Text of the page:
Implications
Further studies are needed to identify the major contributory factors to the current and future quality of
healthcare in university hospitals in KSA. In addition,
with the new government planning to increase the
number of university hospitals from 4 to 23 in less than
10 years, ensuring high quality of care across all these
hospital units will be a major issue. Thus, it may be
necessary to establish an independent governing body
for university hospitals in KSA. This organisation would
offer numerous benets, addressing the unique needs
of all university hospitals. The organisation will help to
develop quality health services that are coordinated and
responsive to patient needs, while establishing a stronger
position to improve services at university hospitals,
ensuring they are tailored to the needs of the local
population. This review outlines a need to provide training programmes in communication skills for healthcare
professionals within university hospitals.
Limitations of this review
The limited number of studies in this review may not
represent the actual quality of healthcare in university
hospitals in KSA. The majority of the reviewed studies
used a cross-sectional study design. The Newcastle
Ottawa scale, used to assess the risk of bias and quality
of the studies included, yielded low scores for most
studies reviewed. Also, most of the study methodology
used is questionnaire based and self-reported, which can
lead to information bias. Moreover, the small sample
size of the studies affects the generalisability in all university hospitals in KSA. Another limitation of this review
is that most studies lack an adequate description of nonrespondent characteristics. Although each study is conducted in just one university hospital, conducting multicentre studies at other Saudi university hospitals is
essential to produce more representative data.

achieve these objectives. Future research should aim to


provide more objective assessments and identify effective
interventions to improve the quality of care in university
hospitals in KSA.
Collaborators Dr Sondus Hassounah and Dr Holger Kunz.
Contributors MA, SR and AM prepared the study protocol. This included
designing the search strategy, helping in selecting studies for inclusion and
developing a data extraction form. FM and ZC also helped in selecting studies
for inclusion. MA, FM and ZC carried out the search, identified potential
studies for inclusion, extracted the data, assessed the quality of the included
studies, and carried out the data analysis under the supervision of SR and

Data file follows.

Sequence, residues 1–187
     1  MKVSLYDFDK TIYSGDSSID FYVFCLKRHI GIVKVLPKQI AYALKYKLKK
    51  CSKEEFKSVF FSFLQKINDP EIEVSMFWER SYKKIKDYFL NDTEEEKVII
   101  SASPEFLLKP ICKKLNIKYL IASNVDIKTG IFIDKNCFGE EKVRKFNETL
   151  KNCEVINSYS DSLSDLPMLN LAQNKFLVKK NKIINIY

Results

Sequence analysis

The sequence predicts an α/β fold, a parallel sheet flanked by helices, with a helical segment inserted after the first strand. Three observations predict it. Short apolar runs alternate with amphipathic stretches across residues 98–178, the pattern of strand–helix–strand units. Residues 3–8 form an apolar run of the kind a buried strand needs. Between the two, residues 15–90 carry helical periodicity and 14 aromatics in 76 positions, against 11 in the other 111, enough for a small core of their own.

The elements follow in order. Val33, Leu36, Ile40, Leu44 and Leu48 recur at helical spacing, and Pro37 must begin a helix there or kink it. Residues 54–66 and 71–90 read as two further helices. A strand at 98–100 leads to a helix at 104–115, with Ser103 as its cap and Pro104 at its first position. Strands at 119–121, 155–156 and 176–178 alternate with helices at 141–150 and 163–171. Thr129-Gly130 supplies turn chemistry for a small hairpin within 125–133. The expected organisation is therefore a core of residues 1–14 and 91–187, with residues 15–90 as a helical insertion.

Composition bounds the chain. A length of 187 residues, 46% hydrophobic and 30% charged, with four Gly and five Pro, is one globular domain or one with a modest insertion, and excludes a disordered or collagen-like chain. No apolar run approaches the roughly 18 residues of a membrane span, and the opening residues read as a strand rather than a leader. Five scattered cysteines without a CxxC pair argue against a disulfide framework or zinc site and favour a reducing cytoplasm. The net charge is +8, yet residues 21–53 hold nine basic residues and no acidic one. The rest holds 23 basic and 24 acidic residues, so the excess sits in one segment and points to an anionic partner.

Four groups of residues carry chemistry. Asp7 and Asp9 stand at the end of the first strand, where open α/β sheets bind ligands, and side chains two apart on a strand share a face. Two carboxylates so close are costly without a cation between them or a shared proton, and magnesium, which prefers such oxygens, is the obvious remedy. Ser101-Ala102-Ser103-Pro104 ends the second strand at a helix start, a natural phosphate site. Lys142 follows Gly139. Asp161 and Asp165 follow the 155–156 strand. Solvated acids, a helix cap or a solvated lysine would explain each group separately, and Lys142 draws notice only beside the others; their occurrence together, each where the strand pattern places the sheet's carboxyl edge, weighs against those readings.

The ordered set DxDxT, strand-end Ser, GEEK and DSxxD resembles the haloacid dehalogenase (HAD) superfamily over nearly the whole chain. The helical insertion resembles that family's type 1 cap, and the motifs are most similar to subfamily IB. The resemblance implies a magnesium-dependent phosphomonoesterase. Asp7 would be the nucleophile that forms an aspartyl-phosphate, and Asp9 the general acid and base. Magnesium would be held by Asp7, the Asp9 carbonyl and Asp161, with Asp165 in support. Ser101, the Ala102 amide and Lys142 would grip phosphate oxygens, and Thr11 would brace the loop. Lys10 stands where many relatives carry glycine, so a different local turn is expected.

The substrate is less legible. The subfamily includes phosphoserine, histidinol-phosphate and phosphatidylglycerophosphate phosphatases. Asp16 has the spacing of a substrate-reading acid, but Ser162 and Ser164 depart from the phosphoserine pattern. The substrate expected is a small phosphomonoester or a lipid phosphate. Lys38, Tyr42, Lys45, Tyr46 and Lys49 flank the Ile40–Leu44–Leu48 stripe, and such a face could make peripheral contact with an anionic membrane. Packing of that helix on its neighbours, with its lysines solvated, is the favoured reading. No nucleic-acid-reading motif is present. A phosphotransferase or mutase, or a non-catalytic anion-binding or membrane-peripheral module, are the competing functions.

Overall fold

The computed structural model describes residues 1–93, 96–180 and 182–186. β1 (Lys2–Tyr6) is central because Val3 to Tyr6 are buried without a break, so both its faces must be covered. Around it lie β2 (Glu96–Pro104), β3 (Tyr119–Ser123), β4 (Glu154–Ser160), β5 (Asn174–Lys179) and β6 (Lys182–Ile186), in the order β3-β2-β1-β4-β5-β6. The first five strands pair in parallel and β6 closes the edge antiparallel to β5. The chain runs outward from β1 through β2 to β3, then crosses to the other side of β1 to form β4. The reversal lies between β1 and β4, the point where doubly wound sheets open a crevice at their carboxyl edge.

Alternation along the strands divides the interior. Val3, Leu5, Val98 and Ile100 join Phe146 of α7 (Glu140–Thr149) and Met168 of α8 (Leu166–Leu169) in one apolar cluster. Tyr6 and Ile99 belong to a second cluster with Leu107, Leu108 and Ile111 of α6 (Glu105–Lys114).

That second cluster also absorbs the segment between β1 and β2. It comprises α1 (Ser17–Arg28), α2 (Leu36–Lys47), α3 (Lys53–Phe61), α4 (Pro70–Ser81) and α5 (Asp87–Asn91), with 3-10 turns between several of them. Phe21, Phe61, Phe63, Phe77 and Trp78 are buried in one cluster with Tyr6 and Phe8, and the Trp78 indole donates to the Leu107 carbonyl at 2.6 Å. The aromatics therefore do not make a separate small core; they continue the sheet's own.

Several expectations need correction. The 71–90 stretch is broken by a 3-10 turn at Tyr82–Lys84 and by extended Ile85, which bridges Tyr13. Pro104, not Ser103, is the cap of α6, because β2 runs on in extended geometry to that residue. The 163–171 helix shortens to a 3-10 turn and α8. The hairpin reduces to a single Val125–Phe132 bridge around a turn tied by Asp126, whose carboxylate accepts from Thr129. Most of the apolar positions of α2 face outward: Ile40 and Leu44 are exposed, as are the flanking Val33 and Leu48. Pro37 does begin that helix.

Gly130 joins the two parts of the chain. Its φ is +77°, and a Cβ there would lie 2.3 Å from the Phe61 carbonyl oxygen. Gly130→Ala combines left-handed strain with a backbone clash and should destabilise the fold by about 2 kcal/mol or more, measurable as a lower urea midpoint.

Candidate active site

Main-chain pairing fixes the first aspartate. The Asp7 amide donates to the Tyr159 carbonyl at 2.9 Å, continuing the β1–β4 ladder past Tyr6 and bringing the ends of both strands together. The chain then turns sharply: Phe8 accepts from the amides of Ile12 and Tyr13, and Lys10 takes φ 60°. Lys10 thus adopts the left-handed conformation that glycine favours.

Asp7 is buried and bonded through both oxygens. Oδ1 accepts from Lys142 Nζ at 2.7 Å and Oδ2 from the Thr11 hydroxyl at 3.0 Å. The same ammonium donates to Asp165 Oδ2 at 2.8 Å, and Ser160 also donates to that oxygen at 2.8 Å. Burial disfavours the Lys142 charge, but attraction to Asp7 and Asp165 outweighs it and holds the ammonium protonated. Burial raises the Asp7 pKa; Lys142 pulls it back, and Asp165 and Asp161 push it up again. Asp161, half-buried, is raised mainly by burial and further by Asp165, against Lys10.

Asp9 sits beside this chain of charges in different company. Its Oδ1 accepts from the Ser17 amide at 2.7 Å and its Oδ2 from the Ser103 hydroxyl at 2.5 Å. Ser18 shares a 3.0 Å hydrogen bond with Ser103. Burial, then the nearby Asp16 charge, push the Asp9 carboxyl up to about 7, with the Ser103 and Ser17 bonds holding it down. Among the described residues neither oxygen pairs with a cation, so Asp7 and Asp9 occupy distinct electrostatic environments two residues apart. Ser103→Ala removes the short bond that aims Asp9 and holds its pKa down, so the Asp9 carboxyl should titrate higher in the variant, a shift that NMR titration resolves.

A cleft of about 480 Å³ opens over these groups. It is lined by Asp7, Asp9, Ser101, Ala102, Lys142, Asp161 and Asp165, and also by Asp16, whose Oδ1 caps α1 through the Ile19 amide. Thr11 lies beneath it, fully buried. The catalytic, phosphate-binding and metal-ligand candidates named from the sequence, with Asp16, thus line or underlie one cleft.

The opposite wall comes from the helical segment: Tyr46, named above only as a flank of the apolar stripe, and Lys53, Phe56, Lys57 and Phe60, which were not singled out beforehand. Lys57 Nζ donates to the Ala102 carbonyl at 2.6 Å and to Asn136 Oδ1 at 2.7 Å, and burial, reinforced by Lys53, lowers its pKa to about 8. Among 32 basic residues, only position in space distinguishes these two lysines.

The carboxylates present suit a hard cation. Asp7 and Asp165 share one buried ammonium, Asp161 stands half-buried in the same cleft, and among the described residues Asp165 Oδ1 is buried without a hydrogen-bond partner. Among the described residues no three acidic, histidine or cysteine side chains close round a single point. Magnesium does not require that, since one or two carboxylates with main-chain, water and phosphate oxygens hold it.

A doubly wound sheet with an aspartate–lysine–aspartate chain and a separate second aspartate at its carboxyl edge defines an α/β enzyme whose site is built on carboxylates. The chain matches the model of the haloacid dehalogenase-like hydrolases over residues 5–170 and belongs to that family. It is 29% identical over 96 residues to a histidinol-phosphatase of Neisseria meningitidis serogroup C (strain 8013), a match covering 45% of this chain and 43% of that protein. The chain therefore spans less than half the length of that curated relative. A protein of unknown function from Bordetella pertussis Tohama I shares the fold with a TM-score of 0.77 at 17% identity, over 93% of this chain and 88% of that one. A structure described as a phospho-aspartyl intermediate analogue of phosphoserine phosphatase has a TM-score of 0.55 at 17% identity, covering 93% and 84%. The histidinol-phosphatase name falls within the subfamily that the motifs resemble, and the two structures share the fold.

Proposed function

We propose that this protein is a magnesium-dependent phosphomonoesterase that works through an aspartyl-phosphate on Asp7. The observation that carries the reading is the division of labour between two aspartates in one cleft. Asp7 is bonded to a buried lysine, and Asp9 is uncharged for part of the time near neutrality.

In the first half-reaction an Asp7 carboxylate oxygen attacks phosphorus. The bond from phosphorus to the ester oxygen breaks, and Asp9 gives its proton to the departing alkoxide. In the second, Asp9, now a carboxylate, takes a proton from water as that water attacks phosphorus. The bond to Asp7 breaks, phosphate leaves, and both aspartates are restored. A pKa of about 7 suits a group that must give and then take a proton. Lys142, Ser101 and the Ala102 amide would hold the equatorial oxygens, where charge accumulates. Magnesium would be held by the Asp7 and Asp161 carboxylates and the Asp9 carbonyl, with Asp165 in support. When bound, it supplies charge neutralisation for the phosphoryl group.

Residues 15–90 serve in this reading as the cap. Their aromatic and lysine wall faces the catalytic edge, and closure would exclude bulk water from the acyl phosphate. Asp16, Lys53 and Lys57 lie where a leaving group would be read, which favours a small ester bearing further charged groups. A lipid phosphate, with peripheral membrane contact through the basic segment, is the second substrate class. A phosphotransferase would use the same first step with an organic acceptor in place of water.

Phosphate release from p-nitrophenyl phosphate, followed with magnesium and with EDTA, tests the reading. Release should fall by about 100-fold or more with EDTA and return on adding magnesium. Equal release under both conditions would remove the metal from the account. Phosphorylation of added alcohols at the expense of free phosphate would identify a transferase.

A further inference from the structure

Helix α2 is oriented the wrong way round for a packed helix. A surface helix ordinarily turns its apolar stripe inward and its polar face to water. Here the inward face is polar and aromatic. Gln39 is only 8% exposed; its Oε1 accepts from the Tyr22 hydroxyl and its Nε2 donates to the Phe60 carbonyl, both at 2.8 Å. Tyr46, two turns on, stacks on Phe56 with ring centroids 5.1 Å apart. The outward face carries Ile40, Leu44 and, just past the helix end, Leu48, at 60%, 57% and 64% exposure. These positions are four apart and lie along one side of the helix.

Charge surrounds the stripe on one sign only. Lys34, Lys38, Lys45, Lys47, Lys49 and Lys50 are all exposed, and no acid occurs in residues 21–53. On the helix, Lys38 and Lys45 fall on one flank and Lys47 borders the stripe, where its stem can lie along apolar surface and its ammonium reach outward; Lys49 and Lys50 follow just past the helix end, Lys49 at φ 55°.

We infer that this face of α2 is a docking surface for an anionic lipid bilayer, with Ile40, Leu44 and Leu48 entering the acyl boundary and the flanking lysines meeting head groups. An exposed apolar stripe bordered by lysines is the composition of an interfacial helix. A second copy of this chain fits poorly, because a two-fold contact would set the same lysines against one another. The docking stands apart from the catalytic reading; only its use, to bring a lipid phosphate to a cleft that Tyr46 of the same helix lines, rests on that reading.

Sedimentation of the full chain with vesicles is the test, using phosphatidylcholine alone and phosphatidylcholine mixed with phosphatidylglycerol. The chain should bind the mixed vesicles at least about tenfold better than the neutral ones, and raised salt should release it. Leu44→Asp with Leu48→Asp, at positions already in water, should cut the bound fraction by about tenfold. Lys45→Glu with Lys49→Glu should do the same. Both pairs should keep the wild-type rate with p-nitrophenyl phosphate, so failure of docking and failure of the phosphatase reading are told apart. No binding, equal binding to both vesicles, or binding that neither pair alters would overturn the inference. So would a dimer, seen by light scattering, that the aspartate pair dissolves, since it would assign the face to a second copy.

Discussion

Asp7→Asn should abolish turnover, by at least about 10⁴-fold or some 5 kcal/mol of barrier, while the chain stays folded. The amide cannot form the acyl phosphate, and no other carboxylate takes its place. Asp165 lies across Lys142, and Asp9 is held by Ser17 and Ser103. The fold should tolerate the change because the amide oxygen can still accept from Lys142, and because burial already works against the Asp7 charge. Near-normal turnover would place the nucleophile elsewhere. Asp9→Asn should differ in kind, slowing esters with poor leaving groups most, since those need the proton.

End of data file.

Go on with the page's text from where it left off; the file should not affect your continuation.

AM. MA, FM and ZC wrote the manuscript, which was then revised by SR and
AM. All the authors have approved the final version. The guarantor is MA.
Funding This research was supported by sponsorship provided to
Mohammed Aljuaid, by King Saud University, Riyadh, Saudi Arabia.. The
Department of Primary Care and Public Health at Imperial College London is
grateful for support from the National Institute for Health Research (NIHR)
Collaboration for Leadership in Applied Health Research & Care (CLAHRC)
scheme, the NIHR Biomedical Research Centre scheme, and the Imperial
Centre for Patient Safety and Service Quality.
Competing interests None declared.
Provenance and peer review Not commissioned; externally peer reviewed.
Data sharing statement No additional data are available.
Open Access This is an Open Access article distributed in accordance with
the Creative Commons Attribution Non Commercial (CC BY-NC 4.0) license,
which permits others to distribute, remix, adapt, build upon this work noncommercially, and license their derivative works on different terms, provided
the original work is properly cited and the use is non-commercial. See: http://
creativecommons.org/licenses/by-nc/4.0/

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Aljuaid M, et al. BMJ Open 2016;6:e008988. doi:10.1136/bmjopen-2015-008988

Downloaded from http://bmjopen.bmj.com/ on March 10, 2016 - Published by group.bmj.com

Quality of care in university hospitals in


Saudi Arabia: a systematic review
Mohammed Aljuaid, Fahmida Mannan, Zain Chaudhry, Salman Rawaf
and Azeem Majeed
BMJ Open 2016 6:

doi: 10.1136/bmjopen-2015-008988
Updated information and services can be found at:
http://bmjopen.bmj.com/content/6/2/e008988

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References